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Ho Renhua: Banyan Tree’s Second Generation

Volume 3, 2013

By June Zhu

In 2010, 28-year-old Ho Renhua left his New York consulting job at Bain & Company, moved to China and took on the role of Assistant Vice President and Country Head (China) for Banyan Tree Holdings Ltd. As the eldest son in a second-generation family business, Ho has spent the last three years finding the balance between making his own mark and contributing to the company’s future growth, and learning from company founders as he continues to benefit from their years of wisdom and expertise.

His father Ho Kwonping, who founded the company in Thailand in 1994, is Executive Chairman and his mother Claire Chiang is Senior Vice President while his uncle Ho Kwoncjan is Chief Designer and Architect.  They are among Banyan Tree’s more than 12,000 employees. The company is a leading manager and developer of premium resorts, hotels and spas in the Asia Pacific. It has close to 30 resorts and hotels, over 60 spas and 80 galleries as well as three golf courses.

Three years into the job, 31-year-old Ho has proved himself in the highly competitive China market. His key responsibility is helping to run the country’s regional headquarters in China. It has over 120 employees across various business units such as operations, marketing, investments and design. Ho has represented the group and spoken extensively at various hotel industry events including the China Hotel Development Conference 2011 and China Hotel Investment Conference 2012. He seeks out every opportunity to augment his leadership skills and is now enrolled in CEIBS Advanced Management Programme. Read on as he explains what it is like to have a key role in a second-generation family business. 

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TheLINK: How did you prepare yourself for a leadership position in the family business? 

Ho Renhua:  I began working with Banyan Tree in 2010. But before that, I’d done several internships in different departments of the company as a teenager. This included general hotel management, sales and reception. When my father started Banyan Tree in Thailand in 1994, I was already 12 years old. So I was able to experience the company’s entire start-up process as I learned from my father and other founding members. Later, I drew on those memories and lessons learned for inspiration.  In addition to my internship at Banyan Tree, I also had a part-time job with an investment company in Shanghai in 2005. I learned a lot about investment while there. Prior to joining Banyan Tree in 2010, I worked full-time with the consulting firm Bain & Company in New York, then in Hong Kong where I got experience in private equity, due diligence, portfolio strategy and performance improvement. This improved my ability to assess investments. However, the hotel industry is definitely different from consulting. So I needed to learn on the job – from my counterparts, from business partners including real estate developers, government officials, and property owners. The Chinese market changes so fast; as a foreign company, we must learn how to quickly adapt to these changes. In China, there is no substitute to experiential learning and being on-the-ground – that has been my biggest takeaway from the last three years.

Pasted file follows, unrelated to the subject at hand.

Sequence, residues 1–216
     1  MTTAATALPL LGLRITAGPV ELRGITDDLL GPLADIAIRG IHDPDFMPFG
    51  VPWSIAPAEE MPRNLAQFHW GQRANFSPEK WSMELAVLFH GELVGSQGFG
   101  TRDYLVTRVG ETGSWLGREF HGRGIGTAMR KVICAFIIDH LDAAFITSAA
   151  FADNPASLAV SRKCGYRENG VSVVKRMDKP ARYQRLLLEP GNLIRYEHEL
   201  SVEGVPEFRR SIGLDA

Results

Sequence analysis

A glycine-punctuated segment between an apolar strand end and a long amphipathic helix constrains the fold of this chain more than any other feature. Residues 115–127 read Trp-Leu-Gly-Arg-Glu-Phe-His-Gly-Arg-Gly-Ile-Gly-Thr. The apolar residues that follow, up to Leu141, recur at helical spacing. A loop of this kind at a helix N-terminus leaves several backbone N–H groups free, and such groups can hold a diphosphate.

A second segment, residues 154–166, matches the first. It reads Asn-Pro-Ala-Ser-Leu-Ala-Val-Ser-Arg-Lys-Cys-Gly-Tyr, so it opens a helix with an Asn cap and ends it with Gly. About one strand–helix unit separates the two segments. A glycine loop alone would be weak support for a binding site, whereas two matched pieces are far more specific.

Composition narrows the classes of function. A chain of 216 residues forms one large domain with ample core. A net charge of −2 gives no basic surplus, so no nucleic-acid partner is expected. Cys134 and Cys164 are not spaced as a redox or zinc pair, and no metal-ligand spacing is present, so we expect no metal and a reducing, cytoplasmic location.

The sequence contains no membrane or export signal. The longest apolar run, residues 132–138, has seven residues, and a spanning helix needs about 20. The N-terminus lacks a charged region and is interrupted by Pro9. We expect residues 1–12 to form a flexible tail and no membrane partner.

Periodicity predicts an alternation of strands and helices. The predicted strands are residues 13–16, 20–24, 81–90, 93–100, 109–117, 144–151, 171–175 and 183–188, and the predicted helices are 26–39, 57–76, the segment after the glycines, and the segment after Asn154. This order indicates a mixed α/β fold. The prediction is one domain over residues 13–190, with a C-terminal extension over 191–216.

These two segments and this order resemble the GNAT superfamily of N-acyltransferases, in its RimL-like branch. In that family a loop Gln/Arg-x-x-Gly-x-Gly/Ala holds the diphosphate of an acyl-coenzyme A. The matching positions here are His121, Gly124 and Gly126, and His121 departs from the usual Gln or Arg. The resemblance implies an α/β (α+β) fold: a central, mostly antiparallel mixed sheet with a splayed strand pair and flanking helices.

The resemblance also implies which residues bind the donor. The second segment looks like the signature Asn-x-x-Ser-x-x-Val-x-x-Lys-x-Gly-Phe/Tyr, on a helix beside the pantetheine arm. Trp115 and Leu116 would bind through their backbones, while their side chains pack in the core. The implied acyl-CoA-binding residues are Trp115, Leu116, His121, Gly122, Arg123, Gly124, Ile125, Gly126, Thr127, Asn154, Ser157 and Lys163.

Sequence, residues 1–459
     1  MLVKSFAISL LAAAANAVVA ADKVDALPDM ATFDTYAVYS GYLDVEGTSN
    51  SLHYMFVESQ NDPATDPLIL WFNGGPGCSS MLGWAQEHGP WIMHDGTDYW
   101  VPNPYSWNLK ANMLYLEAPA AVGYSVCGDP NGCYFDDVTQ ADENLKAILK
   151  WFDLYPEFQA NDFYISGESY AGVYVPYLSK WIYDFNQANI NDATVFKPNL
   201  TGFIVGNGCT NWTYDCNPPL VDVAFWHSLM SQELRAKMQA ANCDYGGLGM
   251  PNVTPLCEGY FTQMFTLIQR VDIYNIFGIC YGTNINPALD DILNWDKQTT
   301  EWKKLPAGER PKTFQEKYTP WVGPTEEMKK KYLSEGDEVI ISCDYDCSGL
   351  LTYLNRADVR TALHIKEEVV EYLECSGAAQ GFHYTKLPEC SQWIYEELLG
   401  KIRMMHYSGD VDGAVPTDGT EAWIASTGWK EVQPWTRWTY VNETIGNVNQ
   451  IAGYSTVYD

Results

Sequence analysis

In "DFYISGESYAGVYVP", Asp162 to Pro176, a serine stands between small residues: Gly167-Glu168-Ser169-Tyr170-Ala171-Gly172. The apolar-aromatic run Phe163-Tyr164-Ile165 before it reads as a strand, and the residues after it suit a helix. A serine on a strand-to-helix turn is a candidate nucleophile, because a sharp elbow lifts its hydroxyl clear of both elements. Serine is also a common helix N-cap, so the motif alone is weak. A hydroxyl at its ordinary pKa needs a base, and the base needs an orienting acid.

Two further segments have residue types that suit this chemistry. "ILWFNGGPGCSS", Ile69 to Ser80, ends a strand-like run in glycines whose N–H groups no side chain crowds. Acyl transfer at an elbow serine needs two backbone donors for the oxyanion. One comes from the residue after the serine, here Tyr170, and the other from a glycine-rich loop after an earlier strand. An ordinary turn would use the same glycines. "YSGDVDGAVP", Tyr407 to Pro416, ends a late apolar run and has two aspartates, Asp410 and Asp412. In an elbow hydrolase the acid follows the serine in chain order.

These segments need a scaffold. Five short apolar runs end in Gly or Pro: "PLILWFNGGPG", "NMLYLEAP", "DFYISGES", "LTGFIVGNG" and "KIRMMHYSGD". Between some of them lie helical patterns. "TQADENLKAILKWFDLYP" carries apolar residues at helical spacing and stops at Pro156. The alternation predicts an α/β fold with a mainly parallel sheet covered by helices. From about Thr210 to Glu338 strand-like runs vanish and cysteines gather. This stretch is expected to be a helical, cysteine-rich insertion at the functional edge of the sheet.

TheLINK: You worked with Bain & Company for more than three years, why did you decide to join the family business, and why choose China as the location from which to work? 

There were two main reasons why I left Bain and joined Banyan Tree. First, in 2010 Banyan Tree had been maintaining good growth momentum in China, and it needed a regional manager as even more growth was anticipated. We had five hotels in China then, and now the number has risen to nine. In the last three years our regional headquarters has almost doubled in size and we have strengthened key departments such as Legal, Finance and HR. My challenge and focus will be team building.

Second, I felt that I had learned a lot while at Bain and it was the right time to put this knowledge into practice. My relationship with my father is one of deep mutual respect and understanding and he had always promised me freedom in choosing my career. After I graduated from university I went to New York, then Hong Kong where I got to know more about Asia and China. I realized the importance of this region, then it occurred to me that maybe it was the right time to join Banyan Tree. In 2010, I finally took the plunge.